When we got the urinal installed, we tested it a few times. Seemed good to go. I told Curtis I couldn’t smell the odor anymore. He laughed and said, “that’s because you’ve been in here for twenty minutes. Leave and come back, it’ll still be here. We need more time to know if it worked.”
As we exited the bathroom, the store manager talked more with Curtis. He showed her the bill for his work, and she happily signed. Of all the work they had done on that bathroom, she said, Curtis had made the most progress. I just hoped that my presence wouldn’t break the streak.
The store manager thanked Curtis again (as had a few customers who knew what he was working on, one of whom had come in the bathroom earlier and said, “Oh yeah! That smell’s been here forever! You’ll be my hero if you fix it”). You could tell, even as the manager scampered away to put out another fire, that she liked Curtis and knew that he really cared about solving the problem, making the restaurant a little bit homier, serving the customers a little bit better.
I don’t think being a plumber was Curtis’ first choice for career. He even considered the pastorate at one point. But he was good at this, had lots of opportunity in it, and it provided for his wife and three kids. He also senseed God’s pleasure in it: helping solve real issues for people in very tangible ways.
As one who lives and breathes in a lot of white collar circles, I completely understood his point. There just aren’t many jobs anymore where you turn off the lights and look back, and there’s something done, fixed, accomplished. Curtis had that.
Of course, it had downsides, too. Bad customers. Hard work. Frustrating issues that challenged and defied his expertise. Hours beyond his control, and a weekly schedule that changes all the time. But despite the brokenness, I got the sense Curtis really likes what he does.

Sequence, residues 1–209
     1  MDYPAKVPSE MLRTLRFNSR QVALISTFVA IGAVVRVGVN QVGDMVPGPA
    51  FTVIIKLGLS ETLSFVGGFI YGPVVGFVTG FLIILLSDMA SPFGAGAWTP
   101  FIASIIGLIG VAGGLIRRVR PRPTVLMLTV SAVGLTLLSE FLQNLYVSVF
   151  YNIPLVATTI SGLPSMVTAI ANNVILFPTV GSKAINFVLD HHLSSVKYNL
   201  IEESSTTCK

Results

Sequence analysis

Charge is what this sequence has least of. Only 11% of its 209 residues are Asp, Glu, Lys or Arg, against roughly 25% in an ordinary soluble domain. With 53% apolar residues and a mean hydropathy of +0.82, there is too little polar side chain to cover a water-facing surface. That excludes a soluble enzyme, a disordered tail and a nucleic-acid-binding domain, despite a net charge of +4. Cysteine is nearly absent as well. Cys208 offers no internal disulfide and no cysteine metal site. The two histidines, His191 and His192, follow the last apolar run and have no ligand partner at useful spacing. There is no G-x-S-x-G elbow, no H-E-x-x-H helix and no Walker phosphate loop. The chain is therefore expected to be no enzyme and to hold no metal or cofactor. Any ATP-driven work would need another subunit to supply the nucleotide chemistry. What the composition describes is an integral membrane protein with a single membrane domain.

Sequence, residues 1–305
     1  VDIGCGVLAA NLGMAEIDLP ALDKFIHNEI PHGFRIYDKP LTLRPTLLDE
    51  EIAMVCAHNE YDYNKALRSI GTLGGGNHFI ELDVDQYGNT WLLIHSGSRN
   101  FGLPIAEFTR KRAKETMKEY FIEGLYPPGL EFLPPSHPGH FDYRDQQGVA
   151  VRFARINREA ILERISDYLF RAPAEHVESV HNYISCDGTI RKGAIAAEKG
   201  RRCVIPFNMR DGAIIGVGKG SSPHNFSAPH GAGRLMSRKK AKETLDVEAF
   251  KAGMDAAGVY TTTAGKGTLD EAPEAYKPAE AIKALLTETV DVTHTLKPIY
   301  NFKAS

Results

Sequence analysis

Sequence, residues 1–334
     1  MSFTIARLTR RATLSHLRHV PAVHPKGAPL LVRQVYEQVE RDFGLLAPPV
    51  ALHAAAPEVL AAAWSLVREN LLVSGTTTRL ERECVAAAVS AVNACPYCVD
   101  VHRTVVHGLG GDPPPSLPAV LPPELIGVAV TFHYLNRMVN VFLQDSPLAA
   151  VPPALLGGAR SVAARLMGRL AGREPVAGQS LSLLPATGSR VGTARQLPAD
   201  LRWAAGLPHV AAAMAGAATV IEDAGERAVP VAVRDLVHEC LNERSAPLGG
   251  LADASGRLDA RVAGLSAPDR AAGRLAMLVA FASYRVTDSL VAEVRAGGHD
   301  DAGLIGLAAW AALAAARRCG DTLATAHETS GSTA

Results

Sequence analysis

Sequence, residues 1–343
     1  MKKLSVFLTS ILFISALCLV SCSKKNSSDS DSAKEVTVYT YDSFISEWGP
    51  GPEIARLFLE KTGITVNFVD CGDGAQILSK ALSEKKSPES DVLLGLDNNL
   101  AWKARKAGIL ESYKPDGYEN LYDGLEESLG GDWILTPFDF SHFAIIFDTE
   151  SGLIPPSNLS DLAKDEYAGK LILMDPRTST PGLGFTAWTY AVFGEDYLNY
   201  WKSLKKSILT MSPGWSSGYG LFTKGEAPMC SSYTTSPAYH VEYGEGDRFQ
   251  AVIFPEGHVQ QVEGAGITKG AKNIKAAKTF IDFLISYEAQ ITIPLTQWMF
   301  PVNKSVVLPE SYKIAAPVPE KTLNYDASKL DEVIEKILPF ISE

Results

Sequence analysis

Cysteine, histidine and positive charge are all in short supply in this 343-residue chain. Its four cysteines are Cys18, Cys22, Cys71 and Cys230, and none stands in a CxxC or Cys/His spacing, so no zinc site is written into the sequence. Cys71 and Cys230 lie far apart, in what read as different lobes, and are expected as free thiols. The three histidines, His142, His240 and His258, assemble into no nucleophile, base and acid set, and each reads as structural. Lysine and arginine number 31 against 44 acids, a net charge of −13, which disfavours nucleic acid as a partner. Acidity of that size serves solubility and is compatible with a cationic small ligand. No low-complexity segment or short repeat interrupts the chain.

We spent more time together with one of his suppliers and talked a little more. Eventually, we looked at watches and realized it was time to go. He had more jobs to do around the city. I had a sermon to write. I tried to share a few thoughts with him and encourage him in his calling for the common good. We prayed together, bro-hugged, and parted ways.
I’ve done a lot of workplace visits, and I love every one of them for lots of different reasons. But even now, months later, this one keeps coming back to me. Or perhaps I should say, God keeps bringing it back to me. There’s something here God wanted me to see, and perhaps say to Curtis himself. Something maybe I missed when we were together at Perkins that day.
After lots of thought and reflection, I think that something is this:
“Curtis, going into messy places, places people avoid, don’t talk about, don’t think about, to solve complicated problems that take years to fix, requiring patience, endurance, creativity, and a strong stomach, in order to meet real needs of people who may never thank you or acknowledge what you’ve done, with an infectious and inexplicable joy, might be the most Christlike job description I can think of. And you, Curtis—and countless like you—do it every day. Stop shaking your head! Just let me finish. On your best days, maybe you see that. On your regular days, like the rest of us, it probably just feels normal. Most of the time, you see it as an honest day’s work. For one day, because you let me in, I saw the restoration of God’s good world. We can both be right.”
P.S. I can happily announce that Curtis is now a certified master plumber! But he’s still working on that Perkins problem. Say a prayer for him, will you?